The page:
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Music For Surgery

Listening to music before, during and after surgery could help ease your recovery. An investigation from the UK shows that the positive effects of music on surgical patients include less pain and anxiety. Researchers from London's Brunel University reviewed data from 73 randomly controlled trials and found that compared to patients who didn't listen to music, those who did had 20 percent less post-surgical pain and a 10 percent reduction in anxiety. The music listening patients also used significantly less pain medication. The researchers reported that post-surgical pain was reduced most when music was played before surgery, a bit less when played during the operation and least when played afterward, but the differences were not judged clinically significant. And incidentally, if you're having plastic surgery, you might consider letting the surgeon choose the tunes. A study from the University of Texas Medical Branch at Galveston found that when plastic surgeons listen to music they prefer, their surgical technique and efficiency when closing incisions is improved.

My take? The findings on reduced pain and anxiety in surgical patients who listen to music don't surprise me at all. Music can have a powerful effect on mind and body. In fact, hospitals have long used music therapy to ease pain, boost patients' moods and counteract depression, as well as help them sleep and reduce muscle tension so that they can relax. Music therapy is also used to stimulate nursing home residents and improve the moods of psychiatric patients and help them to gain more control over their lives. Music can also lessen anxiety, reduce chemotherapy-induced nausea and vomiting and, reportedly, may offer benefits of both movement and speech in patients with Parkinson's disease.

No More Appendectomies?

In some cases, antibiotics alone may be all that’s needed to address an inflamed appendix, a newly published study has shown. Researchers looked at substituting 24 hours of intravenous antibiotics in place of surgery for some children and teens. To qualify for the alternate protocol, the 77 youngsters who took part in the study had to have pain for 48 hours or less, exhibit only moderately elevated white blood counts, and completed a screening CT or ultrasound scans that clearly showed that the appendix hadn’t ruptured and the young patients had no impacted feces. Of the 77 patients who met the criteria, 30 decided to give the antibiotic route a try. Two of them needed surgery within 24 hours because they showed no signs of improvement on the drugs. Another youngster needed surgery later because of “insufficient improvement.” Under the usual protocol, appendicitis patients undergo immediate surgery. After 30 days, the 27 patients who received intensive antibiotics instead of surgery were doing well. The researchers wrote that they will continue to follow their young patients and provide information on the longer-term success rate, safety and cost-effectiveness.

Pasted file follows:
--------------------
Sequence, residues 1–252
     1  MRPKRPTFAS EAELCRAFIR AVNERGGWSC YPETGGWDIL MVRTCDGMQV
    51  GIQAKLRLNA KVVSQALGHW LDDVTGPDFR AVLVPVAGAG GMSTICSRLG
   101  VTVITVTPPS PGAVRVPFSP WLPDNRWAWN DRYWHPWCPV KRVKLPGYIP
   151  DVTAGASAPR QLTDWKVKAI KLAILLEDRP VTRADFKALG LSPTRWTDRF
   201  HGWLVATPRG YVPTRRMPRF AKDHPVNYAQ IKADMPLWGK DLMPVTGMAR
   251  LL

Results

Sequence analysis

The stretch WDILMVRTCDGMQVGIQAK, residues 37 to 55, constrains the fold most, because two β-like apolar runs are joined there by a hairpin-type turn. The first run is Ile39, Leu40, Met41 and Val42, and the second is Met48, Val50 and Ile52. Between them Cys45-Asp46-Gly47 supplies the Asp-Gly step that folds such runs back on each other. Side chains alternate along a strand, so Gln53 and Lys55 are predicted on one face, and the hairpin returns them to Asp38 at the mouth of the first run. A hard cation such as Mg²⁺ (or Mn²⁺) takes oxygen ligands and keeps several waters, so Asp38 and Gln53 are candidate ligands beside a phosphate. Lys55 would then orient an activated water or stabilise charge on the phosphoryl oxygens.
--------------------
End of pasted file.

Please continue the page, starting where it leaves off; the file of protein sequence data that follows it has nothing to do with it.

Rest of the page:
Peter C. Minnici et al “Feasibility of a Nonoperative Management Strategy for Uncomplicated Acute Appendicitis in Children,” Journal of the American College of Surgeons,